Chance, however, threw a piece of coal onto the dying embers. The demon tripped over a rock. It hadn't fallen, but it just stumbled a bit awkwardly before it regained its balance.

Even if the movements of the demon were random, something like this had never happened before. The demon stumbled awkwardly a bit too far to the side and encountered a small rock.

And then it tripped over it. It had been near that rock many times before, but this was the first time Neave had ever seen it trip. For a few moments, he felt the pull, the temptation to move and think, but alas, the embers died out once again.


The demon tripped over the same rock many times. Neave had a stray thought or two about this phenomenon. One of the things he felt was apparent was that this happening was extremely rare. The were so many ways the demon could stumble toward him that walking over to that exact rock was exceptionally unlikely. Not to mention that the vast, overwhelming majority of times it walked in a more or less straight line.

However, despite its rarity, it happened… Dozens? Hundreds of times? He hadn’t counted but he knew it was many. This must mean that a frightening amount of time had passed. Or might have passed. It wasn’t easy, or even really possible to determine the passage of time.

There was no convenient hourglass sitting by Neave’s desk anymore.

The demon stumbled on the rock many times, and something unusual happened again. The demon trudged over to the rock, tripped on it, then stepped on another rock, one even further from its usual range of movement, and tripped again. It didn’t fall to the ground even after that but it shook Neave up a bit nonetheless. Something new happened. Neave ignored it once again and settled back into the trance…


The embers of thought were nearly thoroughly gone. They had been waning for so long. The demon had tripped on the rock and even on the other rock again numerous times. Nothing was moving Neave. Nothing was rousing him anymore. The demon walked up to Neave, swung its claws, and crushed his head.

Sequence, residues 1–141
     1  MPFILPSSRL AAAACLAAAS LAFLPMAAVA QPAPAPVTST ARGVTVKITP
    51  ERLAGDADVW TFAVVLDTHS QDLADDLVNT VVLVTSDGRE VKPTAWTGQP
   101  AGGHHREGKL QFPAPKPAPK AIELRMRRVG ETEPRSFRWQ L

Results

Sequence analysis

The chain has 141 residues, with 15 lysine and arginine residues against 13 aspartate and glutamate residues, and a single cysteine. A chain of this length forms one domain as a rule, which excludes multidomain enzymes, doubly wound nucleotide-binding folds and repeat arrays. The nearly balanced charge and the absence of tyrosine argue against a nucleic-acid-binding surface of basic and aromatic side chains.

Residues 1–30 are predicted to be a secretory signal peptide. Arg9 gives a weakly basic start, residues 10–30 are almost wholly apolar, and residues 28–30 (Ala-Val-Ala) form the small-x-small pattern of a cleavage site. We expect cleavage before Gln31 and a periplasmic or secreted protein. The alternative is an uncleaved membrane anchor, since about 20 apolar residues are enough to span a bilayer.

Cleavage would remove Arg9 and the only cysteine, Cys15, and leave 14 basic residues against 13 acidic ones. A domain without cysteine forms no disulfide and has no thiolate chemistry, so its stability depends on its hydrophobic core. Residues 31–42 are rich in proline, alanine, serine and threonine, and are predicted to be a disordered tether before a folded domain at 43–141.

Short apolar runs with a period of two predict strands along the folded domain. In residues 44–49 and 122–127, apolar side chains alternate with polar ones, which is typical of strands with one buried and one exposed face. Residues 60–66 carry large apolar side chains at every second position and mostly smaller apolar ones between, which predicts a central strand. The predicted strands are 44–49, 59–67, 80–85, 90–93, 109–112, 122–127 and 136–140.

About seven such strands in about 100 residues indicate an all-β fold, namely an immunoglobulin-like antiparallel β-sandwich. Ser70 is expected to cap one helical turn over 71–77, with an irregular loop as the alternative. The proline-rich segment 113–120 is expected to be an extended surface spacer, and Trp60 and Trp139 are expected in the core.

Then it went back to the start. It walked. It walked toward Neave, stumbling along. But it leaned a bit to the side. And then again. And then again. It stepped on a solitary rock sitting on the outer edges of the path it usually took when approaching Neave. And it tripped. It stumbled, outside of its usual range of movement. There it stepped on another jagged rock and tripped once more, stumbling further. It had stumbled far, a lot further than it usually stumbled when it tripped on the second rock and it stepped on a third rock. This time it tripped and fell face-first into a small puddle of black ooze.

Neave didn’t notice anything at first. But then, an unusual sensation washed over him. It was taking too long. Why was it taking so long? He would usually have ideas, he would think, and he would contemplate, but his mind felt heavy. Like a muscle that hadn’t moved once in a hundred years, his mind just felt weak. Let alone thinking, just perceiving what was happening felt like a chore. But the strange sensation kept piling up. The gaping hole of the demon's absence burned bigger and bigger as Neave’s mind spun. Then he perceived what he was seeing.

The demon was… Gone?

Perhaps, he would have thought he had finally failed the trial, but such a thought was far too complex for his weak mind. His thoughts instead went something like this:

No demon. Demon gone. Where demon? Dunno. How possible?

Hours passed, but Neave still stared catatonically ahead. Eventually, his legs got tired and he fell to the ground. He reflexively got up. Then finally, he noticed something in the corner of his vision.

The demon was stuck.

It had fallen over head first into a puddle of black ooze. The ooze had long solidified and it was stuck awkwardly fumbling and trying to get out. Half of its head and both of its arms were stuck inside the solidified ooze. The problem was that its awkward position had simply made it impossible to put any real force into anything but pushing itself further into the puddle.

And Neave stared at it. His head was vacant of any complex thought, but as if by instinct…